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A Fox in the Hen House

Gene Royer

Gene Royer is a staunch conservative. He is also a Policy Governance ® consultant and writer. He is the author of School Board Leadership 2000 - The Things Staff Didn't Tell You At Orientation and his international practice is based in Houston

Gene Writes:
August 1st, 2002

[This article is the opinion of Gene Royer and does not necessarily reflect the opinion of The Tocquvillian or of others whose ideas contributed to the formation of the author's own opinion]

In John Carver's paper, "The Opportunity for Re-inventing Corporate Governance in Joint Venture Companies" he opines that the descriptive title of Jay Lorsch's 1989 book, Pawns or Potentates (Boston: Harvard Business School) paints an apt word picture of the dilemma facing corporate board directors.

"Directors are theoretically and legally powerful, yet in practice often merely the politically and socially acceptable front for a chief executive who is really in charge," writes Dr. Carver.

In theory, corporate CEOs work for the board of directors which ostensibly is charged with the benevolent task of governing the organization and directing its ethical and financial progress. The board, therefore, is expected be the corporation's moral conscience in order to ensure that the rights of shareholders are adequately monitored. With that principle in mind, "The Buck Stops Here" should hang on every boardroom door.

That clever motto, however, would be an empty and boastful reality check in many cases because the directors are frequently chosen by and often chaired by the CEO. One does not need much experience in life to see the opportunities for malfeasance by a wily-fox CEO who is not only in charge of the henhouse, but holds sway over the monitors as well.

In recent months we have seen the failure of corporations, which until mere days before the hammers-of-hard-facts fell were cornerstones of trust. Names such as Enron, Dynergy, Worldcom, Arthur Anderson, Global Crossing, (and others surely to be named) maintained reputations for growth and prestige unchallenged by investors both large and small.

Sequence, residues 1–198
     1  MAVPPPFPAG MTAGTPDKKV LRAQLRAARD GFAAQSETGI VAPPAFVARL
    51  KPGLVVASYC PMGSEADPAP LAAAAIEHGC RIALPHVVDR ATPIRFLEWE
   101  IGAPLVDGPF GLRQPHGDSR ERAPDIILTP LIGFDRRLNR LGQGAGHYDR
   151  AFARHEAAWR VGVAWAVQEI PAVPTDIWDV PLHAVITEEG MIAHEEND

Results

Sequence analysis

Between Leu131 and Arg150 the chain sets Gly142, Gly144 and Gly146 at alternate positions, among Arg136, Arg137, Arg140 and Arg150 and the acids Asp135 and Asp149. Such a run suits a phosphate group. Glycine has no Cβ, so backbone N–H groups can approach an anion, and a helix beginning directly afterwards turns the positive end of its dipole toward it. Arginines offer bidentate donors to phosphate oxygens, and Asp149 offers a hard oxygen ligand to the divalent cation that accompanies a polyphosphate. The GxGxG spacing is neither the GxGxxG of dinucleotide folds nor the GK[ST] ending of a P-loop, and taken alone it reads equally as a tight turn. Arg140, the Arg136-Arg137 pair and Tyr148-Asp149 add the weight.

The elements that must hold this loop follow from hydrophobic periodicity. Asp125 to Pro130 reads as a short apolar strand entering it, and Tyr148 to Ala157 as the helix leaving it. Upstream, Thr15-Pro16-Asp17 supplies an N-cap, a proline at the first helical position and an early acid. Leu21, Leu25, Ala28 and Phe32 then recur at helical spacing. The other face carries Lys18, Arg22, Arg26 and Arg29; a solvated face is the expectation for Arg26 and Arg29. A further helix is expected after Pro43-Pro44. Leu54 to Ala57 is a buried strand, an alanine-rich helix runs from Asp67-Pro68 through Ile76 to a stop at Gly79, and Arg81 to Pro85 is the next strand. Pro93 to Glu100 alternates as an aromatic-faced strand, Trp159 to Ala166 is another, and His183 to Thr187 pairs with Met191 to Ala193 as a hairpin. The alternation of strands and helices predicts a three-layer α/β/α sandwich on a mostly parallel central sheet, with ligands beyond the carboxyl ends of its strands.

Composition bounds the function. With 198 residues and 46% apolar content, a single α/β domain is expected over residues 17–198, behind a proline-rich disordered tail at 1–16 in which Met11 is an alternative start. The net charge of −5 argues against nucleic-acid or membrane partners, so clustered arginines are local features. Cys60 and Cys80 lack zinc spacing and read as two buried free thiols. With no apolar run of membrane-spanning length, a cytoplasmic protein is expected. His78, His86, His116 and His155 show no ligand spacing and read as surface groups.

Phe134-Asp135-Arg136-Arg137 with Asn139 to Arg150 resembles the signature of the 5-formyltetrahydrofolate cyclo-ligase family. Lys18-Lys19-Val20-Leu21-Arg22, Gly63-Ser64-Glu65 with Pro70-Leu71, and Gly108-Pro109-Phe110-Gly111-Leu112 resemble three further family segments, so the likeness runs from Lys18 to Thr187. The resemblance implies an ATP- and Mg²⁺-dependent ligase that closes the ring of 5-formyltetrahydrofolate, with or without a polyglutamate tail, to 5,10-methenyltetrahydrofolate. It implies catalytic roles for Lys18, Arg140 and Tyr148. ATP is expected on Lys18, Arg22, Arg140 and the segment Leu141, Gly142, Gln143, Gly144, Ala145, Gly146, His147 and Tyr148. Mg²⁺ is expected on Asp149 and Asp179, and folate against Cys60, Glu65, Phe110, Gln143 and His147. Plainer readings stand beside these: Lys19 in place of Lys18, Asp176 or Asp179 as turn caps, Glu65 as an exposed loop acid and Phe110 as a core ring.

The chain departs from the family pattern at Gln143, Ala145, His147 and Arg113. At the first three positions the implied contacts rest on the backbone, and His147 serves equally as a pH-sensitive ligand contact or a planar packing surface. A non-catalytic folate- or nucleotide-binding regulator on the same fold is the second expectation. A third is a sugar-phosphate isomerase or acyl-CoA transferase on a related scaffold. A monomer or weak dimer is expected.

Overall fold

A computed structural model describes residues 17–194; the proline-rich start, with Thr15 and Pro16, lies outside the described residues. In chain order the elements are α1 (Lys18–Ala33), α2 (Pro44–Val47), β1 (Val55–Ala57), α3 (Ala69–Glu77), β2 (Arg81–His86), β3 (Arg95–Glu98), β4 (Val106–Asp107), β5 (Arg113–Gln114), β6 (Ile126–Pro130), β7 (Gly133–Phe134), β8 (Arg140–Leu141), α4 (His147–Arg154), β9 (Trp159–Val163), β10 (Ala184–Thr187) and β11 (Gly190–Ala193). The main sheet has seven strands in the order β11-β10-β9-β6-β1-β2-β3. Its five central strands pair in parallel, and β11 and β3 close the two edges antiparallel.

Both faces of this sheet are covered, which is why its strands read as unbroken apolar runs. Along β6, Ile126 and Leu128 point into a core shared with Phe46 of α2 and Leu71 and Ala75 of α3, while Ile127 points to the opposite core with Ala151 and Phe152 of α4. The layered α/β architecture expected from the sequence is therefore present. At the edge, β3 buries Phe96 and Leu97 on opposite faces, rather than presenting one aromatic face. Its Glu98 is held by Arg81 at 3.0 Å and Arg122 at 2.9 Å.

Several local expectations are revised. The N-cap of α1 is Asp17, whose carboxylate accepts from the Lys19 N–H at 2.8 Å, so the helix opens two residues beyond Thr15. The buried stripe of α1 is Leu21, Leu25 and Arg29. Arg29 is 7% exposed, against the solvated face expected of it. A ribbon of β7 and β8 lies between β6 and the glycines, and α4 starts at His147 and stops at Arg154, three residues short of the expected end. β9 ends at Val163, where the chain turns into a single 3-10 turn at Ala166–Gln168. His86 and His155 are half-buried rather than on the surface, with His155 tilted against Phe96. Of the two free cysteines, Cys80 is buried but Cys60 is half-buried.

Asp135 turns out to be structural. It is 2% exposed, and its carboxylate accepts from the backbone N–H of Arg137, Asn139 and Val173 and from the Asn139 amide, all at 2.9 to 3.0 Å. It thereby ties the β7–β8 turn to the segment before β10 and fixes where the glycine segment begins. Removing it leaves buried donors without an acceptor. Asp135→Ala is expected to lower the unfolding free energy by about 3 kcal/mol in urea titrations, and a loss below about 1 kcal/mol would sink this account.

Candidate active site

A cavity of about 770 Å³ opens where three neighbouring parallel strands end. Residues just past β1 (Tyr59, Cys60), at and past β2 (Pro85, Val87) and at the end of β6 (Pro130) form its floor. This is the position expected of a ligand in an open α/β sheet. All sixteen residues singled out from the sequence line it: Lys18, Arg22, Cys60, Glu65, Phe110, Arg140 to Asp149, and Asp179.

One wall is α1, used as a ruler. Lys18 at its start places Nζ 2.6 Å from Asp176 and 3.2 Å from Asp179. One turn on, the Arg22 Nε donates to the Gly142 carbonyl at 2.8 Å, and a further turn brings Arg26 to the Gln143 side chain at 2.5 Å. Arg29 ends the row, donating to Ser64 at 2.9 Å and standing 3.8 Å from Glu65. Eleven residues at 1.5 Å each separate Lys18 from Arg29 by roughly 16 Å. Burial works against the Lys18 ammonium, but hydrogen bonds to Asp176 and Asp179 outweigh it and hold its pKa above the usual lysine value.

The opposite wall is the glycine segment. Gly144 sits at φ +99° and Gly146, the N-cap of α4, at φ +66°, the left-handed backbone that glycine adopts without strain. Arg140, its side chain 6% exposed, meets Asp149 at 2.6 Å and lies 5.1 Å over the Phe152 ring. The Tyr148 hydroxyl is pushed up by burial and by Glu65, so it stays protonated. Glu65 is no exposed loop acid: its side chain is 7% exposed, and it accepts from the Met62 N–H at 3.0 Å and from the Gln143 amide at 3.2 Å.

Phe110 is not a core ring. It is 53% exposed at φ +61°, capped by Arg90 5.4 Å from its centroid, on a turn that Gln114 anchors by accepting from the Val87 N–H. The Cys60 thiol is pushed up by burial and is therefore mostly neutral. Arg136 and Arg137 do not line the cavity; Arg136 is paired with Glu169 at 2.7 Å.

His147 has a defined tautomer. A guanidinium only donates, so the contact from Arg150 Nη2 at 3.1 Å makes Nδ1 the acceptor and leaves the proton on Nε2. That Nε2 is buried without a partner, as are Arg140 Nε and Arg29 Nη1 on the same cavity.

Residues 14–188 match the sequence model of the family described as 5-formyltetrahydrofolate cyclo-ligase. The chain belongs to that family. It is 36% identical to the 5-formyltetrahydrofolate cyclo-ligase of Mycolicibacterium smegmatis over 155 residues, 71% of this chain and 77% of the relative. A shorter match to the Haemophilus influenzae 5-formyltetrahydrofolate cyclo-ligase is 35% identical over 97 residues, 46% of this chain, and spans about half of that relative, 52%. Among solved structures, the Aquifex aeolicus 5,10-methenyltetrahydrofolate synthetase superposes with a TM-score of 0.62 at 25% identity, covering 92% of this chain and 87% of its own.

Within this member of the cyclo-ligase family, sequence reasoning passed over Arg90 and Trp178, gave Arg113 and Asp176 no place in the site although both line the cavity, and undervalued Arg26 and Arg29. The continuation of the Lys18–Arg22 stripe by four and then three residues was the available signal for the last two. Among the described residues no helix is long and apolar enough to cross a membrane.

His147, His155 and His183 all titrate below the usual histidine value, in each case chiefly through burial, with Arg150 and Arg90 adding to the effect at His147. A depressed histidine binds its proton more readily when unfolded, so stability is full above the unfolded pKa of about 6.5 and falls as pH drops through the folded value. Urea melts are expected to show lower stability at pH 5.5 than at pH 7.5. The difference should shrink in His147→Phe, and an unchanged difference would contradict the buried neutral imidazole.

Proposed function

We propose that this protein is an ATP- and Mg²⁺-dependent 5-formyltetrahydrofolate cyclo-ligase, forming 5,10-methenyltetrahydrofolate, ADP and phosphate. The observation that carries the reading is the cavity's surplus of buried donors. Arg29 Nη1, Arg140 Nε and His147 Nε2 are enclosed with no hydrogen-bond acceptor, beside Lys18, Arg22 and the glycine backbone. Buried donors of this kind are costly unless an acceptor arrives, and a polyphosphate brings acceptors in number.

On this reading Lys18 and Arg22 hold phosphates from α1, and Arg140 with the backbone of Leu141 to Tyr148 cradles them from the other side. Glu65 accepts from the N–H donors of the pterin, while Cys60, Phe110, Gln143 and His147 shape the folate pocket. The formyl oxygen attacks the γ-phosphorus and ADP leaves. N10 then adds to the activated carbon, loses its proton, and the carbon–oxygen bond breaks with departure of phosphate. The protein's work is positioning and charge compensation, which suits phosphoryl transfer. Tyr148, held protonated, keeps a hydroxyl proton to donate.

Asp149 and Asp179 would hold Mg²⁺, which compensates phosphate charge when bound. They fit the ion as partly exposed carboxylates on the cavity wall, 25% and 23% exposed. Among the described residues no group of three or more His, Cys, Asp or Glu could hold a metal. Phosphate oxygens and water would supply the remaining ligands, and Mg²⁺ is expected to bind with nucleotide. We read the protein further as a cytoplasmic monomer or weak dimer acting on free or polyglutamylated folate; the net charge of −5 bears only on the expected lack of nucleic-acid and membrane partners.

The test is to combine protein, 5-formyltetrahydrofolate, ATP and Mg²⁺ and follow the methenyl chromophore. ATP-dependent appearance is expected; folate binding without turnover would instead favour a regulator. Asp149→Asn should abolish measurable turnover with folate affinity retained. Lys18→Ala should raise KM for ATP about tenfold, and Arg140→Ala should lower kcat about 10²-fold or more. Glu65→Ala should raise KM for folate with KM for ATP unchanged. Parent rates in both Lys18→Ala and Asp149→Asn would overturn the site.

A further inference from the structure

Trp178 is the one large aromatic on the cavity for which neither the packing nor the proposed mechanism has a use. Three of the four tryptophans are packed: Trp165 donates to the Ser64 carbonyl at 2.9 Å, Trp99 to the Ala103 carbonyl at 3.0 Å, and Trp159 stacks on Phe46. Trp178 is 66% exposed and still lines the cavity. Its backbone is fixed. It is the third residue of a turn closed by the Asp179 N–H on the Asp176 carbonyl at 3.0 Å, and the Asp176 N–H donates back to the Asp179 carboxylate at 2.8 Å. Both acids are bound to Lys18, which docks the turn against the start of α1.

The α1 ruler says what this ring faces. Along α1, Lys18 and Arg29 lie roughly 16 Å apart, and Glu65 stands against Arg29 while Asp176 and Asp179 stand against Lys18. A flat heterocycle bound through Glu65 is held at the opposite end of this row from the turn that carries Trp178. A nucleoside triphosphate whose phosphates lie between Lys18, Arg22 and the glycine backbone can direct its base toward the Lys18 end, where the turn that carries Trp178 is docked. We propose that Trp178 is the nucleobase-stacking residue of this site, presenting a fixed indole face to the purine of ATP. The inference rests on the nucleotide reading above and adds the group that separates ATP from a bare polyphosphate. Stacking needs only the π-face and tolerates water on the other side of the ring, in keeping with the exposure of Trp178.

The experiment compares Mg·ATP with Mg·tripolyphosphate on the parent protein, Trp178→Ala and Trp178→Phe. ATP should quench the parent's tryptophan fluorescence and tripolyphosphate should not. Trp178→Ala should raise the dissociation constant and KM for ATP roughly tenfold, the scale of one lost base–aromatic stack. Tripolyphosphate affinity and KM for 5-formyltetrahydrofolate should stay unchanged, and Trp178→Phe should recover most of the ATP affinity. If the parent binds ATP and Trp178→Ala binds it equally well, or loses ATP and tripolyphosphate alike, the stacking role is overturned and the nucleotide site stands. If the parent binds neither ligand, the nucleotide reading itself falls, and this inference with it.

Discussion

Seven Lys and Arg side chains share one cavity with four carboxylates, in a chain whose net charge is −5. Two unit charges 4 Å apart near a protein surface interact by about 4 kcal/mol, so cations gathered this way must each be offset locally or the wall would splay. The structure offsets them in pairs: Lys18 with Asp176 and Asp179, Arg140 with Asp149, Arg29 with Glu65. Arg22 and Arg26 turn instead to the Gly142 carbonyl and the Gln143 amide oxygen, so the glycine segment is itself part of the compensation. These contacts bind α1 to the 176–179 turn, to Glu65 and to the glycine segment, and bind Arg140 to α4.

After the fall, the media and the public in general have been quick to indict top-level management. Congressional hearings sprang to life faster than desert flora after a good rain. Heads rolled albeit many through timely resignation and new faces appeared at the top. But how can investors be certain that these new faces are not wearing the same old fox suit?

The solution proposed by conventional wisdom is a call for more legislation and/or governmental oversight and if that is a bona fide need, then it should certainly be explored. However, conservatism does not espouse such action when there are already laws on the books by which these corporate thieves and liars can be prosecuted.

A more basic question is: Where were the directors when these companies were stretching the elastic bands of their financial slingshots prior to a disastrous misfire? Where was this protection of investors? rights the board is supposed to ensure? Where was the board when the fox strolled unchallenged from the hen house, his arms full of squawking bags?

The corporate board environment--with all the pomp and prestige that goes with it--is often a worthless entity to the shareholders whom it purports to represent. This is a nappy way of saying that boards fail to govern, as directors are just as likely to see themselves as the CEO's advisors—or worse, as CEO cheerleaders--as they are as his or her superiors.

So, the dilemma is extended when boards find themselves being jolted from something not un-akin to being a corporate lackey to a sudden and awkward position of authority, as Dr. Carver points out:

"Shareholders could well complain that the one organ that protects their interests is normally ineffectual and takes action impulsively when it is almost too late." In recent months we can comfortably take Carver's statement further and say that the board is ineffectual and takes action when it is already too late.

This article is not aimed at management malfeasance as that is a no-brainer--but at the negligence of those men and women whom we call The Board. And it is undeniable that boards overseeing these failed companies have been negligent—at the least. Giving directors the benefit of the doubt, there is no other word to define it. Whether that negligence is born of ignorance of their obligation to the shareholders or merely asleep at the wheel, its consequences are the same.

It is time for corporate shareholders, who have seen their stock portfolios plummet from double digit value, to hold their governing boards accountable for the mishandling and, in some cases, the downright sleaze of their CEOs. Let the hammer of accountability fall where the Buck stops.

How does one accomplish this? Writes Carver, "directors are needed who can scrupulously distinguish governing from managing. This is easier said than done because the history of corporate governance is not given to such a clean distinction.

Imagine, CEO and board--both knowing exactly what their relative roles are. Isn't that a novel idea? Oddly, it is novel and an idea missing from traditional corporate leadership where, as Carver puts it, "Boards pretend to govern, and CEOs pretend to work for them."

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"...Where were the directors when these companies were stretching the elastic bands of their financial slingshots prior to a disastrous misfire?..."

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